1) What regulates the amount of transmitter per vesicle (or quantal size), the elementary unit in synaptic transmission? We have previously identified three distinct protein families that transport neurotransmitters into secretory vesicles. Using a variety of biochemical and biophysical methods including fluorescence measurements and electrophysiology, we are characterizing the properties of these proteins, and exploring the role of other synaptic vesicle components in expression of the proton electrochemical gradient that drives vesicle filling.
2) What is the molecular basis for synaptic vesicle pools? Synaptic vesicles belong to functionally distinct pools, but the basis for these differences and the role of these pools in synaptic physiology and development remains unclear. We are now testing the possibility that different recycling pathways produce biochemically distinct synaptic vesicles.
3) Recent work from our and other labs has shown that many neurons associated with the release of one classical transmitter (such as dopamine, serotonin, acetylcholine and GABA) also release glutamate. We now wish to understand the role of glutamate corelease in physiology, development and behavior, focusing on the midbrain dopamine projection.
4) How does synaptic function contribute to neural degeneration? We originally identified the vesicular monoamine transporter by virtue of its ability to protect against a neurotoxin that reproduces the selective loss of dopamine neurons seen in Parkinson’s disease (PD), and are working now to understand how this and other presynaptic mechanisms influence degeneration. We have found that α-synuclein, a protein implicated in PD, inhibits transmitter release, and are now studying the mechanism as well as the relationship to neural degeneration.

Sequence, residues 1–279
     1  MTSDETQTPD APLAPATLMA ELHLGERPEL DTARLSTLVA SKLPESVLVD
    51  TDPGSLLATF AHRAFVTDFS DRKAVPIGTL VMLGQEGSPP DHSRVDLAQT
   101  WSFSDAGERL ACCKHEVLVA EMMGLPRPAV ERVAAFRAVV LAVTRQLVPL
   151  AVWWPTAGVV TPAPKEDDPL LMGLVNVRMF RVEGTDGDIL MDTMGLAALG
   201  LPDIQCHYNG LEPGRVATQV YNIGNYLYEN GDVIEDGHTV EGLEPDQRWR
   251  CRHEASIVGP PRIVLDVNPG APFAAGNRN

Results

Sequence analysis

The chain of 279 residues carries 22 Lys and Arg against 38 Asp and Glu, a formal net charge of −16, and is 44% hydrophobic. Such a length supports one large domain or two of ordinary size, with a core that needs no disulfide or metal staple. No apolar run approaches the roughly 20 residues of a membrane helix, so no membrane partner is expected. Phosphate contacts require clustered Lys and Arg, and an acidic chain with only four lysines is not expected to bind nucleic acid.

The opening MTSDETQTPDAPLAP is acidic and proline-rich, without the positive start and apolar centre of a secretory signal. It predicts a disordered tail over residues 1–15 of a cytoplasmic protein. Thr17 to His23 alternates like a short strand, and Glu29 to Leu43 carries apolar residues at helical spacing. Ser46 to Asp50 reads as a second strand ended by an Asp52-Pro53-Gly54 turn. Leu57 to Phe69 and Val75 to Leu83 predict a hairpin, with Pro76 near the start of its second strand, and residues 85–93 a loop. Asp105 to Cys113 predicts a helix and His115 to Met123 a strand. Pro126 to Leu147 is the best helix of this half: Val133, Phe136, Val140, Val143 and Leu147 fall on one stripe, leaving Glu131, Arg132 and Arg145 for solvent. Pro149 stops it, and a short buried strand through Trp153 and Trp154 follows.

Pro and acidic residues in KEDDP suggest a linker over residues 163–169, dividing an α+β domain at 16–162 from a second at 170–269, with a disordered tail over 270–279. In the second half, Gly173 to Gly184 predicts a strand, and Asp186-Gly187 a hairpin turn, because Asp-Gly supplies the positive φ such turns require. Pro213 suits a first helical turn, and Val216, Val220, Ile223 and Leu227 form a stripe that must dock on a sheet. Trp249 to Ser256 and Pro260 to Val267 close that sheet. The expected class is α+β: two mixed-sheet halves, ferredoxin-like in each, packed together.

5) In contrast to most classical transmitters, dopamine and neural peptides undergo regulated release from dendrites as well as the axon terminal, and the dendritic release of neurotrophins has been proposed to serve as a retrograde synaptic signal in development and plasticity. Through a combination of optical imaging in vitro and genetic manipulation in vivo, we hope to elucidate the physiological role of dendritic dopamine release in synaptic plasticity and determine its behavioral role in the reward pathway subverted by drug abuse.
6) How are proteins targeted for regulated release? Peptide hormones, neural peptides and many growth factors undergo regulated release in response to the appropriate physiological stimuli, but the cellular mechanisms that sort them to the large dense core vesicles (LDCVs) capable of regulated exocytosis, and indeed the mechanisms responsible for this pathway remain poorly understood. Starting with an RNAi screen in Drosophila S2 cells, we have identified a role for the adaptor protein AP-3 and a novel coat protein in the formation of LDCVs. We now wish to identify additional components required for LDCV formation, and to manipulate these in vivo to understand how regulated release contributes to the activity dependence of neural development.